I've been with the same auto insurance provider for about three years now, but that doesn't stop me from shopping around every six months to see if I can get a better deal.
I can say, with confidence, that Allstate has never been in my top three in terms of affordable quotes. And now I think I know why: the company needs to overcharge us to pay for ridiculously bad studies like its annual Allstate America's Best Driver's Report that was just released.
How else can you explain the following "findings"?
* Tucson is this country's 20th-safest community, and somehow the safest among all mid-size (population 500K-750K)
* Phoenix is the safest U.S. city with more than a million people.
* Mesa is the safest one with a population of 250-500K.
This is apparently the ninth straight year Phoenix has been the safest "big" city for driving. Whether this includes the myriad of freeways in Maricopa County, which based on tweets from the Arizona Department of Transportation are almost in a perpetual state of crash-related gridlock, is unknown.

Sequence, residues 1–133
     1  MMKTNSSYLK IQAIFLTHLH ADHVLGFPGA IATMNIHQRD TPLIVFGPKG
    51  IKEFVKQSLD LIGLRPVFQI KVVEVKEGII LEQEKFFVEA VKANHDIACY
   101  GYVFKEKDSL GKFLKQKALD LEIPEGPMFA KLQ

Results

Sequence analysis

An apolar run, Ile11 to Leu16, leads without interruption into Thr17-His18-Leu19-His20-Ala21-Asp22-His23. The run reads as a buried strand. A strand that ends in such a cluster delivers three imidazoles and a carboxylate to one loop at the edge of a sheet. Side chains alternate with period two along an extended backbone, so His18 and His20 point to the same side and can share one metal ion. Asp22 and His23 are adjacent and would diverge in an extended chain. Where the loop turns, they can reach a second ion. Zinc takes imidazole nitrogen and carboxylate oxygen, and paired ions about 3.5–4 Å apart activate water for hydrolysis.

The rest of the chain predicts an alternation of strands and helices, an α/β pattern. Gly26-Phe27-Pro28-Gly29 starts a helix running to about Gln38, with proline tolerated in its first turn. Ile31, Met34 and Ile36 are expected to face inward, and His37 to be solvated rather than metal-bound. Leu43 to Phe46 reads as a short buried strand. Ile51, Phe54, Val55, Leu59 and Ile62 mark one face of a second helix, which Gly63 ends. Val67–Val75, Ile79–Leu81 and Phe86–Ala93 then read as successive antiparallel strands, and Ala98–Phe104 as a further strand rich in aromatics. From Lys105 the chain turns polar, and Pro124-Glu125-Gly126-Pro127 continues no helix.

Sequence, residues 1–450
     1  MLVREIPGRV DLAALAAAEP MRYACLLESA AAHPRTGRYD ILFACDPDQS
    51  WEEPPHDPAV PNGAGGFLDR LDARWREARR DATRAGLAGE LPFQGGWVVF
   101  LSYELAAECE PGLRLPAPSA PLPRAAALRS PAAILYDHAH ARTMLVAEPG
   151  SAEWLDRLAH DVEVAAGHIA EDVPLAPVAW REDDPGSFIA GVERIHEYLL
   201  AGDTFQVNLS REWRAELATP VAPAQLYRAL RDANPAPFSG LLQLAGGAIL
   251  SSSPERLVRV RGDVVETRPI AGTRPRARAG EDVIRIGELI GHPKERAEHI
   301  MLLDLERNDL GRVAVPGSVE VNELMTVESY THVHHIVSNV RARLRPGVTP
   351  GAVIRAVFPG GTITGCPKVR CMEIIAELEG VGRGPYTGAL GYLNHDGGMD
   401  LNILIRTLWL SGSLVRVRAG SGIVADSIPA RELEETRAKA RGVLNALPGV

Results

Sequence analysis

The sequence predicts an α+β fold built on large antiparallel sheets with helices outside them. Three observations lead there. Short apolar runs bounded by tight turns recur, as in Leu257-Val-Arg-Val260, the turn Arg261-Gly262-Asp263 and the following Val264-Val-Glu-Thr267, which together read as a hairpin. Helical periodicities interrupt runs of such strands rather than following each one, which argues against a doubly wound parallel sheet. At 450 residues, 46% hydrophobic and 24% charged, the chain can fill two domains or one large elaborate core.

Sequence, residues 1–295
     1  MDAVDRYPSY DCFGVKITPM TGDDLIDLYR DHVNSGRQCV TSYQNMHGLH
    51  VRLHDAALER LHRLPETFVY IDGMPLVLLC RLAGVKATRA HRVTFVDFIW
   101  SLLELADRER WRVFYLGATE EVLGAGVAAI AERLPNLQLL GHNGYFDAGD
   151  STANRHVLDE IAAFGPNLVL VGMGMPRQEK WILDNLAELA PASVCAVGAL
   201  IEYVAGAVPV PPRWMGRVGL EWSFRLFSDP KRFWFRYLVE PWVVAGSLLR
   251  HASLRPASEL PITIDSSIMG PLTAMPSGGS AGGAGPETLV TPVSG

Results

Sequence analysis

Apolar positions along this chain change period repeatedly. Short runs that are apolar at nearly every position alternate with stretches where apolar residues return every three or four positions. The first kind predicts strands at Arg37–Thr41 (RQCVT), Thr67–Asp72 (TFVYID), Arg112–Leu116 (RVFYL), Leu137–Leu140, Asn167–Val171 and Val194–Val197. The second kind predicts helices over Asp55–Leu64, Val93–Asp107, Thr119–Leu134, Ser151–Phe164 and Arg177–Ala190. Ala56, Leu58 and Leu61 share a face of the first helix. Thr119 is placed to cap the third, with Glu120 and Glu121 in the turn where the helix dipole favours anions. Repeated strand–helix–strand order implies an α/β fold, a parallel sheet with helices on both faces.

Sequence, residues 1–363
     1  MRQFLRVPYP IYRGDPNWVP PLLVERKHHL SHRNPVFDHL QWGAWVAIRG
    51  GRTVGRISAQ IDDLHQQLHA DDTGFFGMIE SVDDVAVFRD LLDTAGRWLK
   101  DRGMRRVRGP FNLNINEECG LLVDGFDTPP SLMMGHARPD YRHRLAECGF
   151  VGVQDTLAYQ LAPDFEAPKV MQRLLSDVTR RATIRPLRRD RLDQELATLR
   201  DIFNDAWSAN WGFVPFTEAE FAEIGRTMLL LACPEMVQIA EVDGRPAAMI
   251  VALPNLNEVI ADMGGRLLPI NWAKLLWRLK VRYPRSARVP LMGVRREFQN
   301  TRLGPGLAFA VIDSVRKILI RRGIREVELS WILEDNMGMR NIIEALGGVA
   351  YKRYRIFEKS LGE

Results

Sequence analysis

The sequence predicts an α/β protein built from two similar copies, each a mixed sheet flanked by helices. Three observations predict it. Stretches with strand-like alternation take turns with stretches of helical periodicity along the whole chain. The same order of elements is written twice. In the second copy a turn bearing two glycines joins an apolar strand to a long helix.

And maybe Tucson's info is based on summer driving, when there are no college students or snowbirds here. You know, when people are much less likely to drive because their hands will burn on the steering wheel?
In fact, the way Allstate comes up with its rankings doesn't seem clear. It says they're based on insurance claims submitted and processed during a set time period, but considering the number of instances where people I know have gotten little dings and didn't report it, this approach seems fundamentally flawed.
Maybe it's based only on claims made to Allstate. And if that's the case, since I mentioned before how expensive Allstate's rates have been when I've looked them up, maybe the nine people in Arizona who have Allstate just don't ever drive their cars.
In case you were wondering, No. 1 on the list is Fort Collins, Colo. In case you were on the fence about moving to that college town and needed something to push you in one direction or another.